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First Juror In Cosby's Sexual Assault Retrial Seated

NORRISTOWN, Pa. (CBS/AP) -- The first juror in Bill Cosby's sexual assault retrial was seated on Monday.

The juror indicated he had no knowledge of the case and wouldn't let what he's heard about the #MeToo movement influence his ability to be impartial.

Cosby returned to the Montgomery County courthouse earlier in the day for jury selection. His new defense team is fighting the same charges of aggravated indecent assault.

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Los Angeles-based attorney Tom Mesereau is representing the 80-year-old for this retrial after a hung jury 10 months ago led to a mistrial.

The last jury was selected from the Pittsburgh area, but on Monday morning, 126 potential jurors from Montgomery County were summoned to the courtroom.

"Last year, they put a lot of restrictions on Allegheny County and we hope it's different this year," said Cosby spokesman Andrew Wyatt.

Judge Steven O'Neill spent much of the morning reviewing a questionnaire the potential jurors filled out, which is meant to help determine if they can provide a fair and impartial look at the evidence in this case.

The vast majority – 110 potential jurors – heard about the previous case and the allegations Cosby drugged and sexually assaulted former Temple assistant basketball coach Andrea Constand at his Cheltenham home in 2004.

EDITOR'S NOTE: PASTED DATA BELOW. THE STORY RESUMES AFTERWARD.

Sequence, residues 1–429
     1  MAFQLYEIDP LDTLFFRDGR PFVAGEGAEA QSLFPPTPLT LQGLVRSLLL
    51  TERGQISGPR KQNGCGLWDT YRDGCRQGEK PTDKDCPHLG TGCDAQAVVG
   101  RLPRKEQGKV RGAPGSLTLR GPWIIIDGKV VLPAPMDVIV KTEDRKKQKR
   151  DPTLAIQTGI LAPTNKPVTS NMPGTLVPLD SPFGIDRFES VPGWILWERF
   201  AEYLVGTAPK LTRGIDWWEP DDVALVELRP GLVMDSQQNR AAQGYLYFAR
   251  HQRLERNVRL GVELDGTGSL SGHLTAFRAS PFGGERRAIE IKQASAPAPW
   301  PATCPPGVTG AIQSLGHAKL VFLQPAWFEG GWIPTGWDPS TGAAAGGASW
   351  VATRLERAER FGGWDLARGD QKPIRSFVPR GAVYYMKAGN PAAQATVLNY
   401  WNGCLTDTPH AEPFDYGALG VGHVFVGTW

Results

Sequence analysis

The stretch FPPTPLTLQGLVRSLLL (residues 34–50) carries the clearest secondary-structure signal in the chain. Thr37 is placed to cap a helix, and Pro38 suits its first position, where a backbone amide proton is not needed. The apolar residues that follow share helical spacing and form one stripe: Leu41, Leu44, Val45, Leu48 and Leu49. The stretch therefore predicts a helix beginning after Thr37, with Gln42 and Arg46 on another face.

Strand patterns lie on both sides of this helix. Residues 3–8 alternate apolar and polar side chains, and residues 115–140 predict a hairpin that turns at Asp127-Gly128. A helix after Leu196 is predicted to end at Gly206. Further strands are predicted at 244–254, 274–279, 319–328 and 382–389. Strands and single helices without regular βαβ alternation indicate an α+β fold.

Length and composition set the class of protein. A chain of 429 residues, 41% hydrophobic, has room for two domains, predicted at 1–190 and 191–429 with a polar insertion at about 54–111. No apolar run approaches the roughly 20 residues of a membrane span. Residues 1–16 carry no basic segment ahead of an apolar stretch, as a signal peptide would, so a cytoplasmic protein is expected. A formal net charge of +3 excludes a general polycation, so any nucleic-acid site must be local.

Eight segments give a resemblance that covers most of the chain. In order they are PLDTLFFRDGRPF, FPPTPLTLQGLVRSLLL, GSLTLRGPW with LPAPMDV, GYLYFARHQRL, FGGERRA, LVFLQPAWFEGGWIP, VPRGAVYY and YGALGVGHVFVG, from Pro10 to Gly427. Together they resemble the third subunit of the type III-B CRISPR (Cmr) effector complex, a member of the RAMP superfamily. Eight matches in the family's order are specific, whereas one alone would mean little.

Of the 126 potential jurors, 119 are familiar with the "Me Too" movement and allegations of sexual assault in the entertainment industry, 68 say they've already formed opinions of guilt or innocence, and 16 admitted they cannot be fair or impartial.

In the afternoon, O'Neill, the defense counsel and the prosecution questioned potential jurors one-on-one about their responses.

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The defense and prosecution can strike seven jurors without cause. So far, each side has used just one of those strikes.

Jury selection resumes on Tuesday morning.

(© Copyright 2018 CBS Broadcasting Inc. All Rights Reserved. The Associated Press contributed to this report.)

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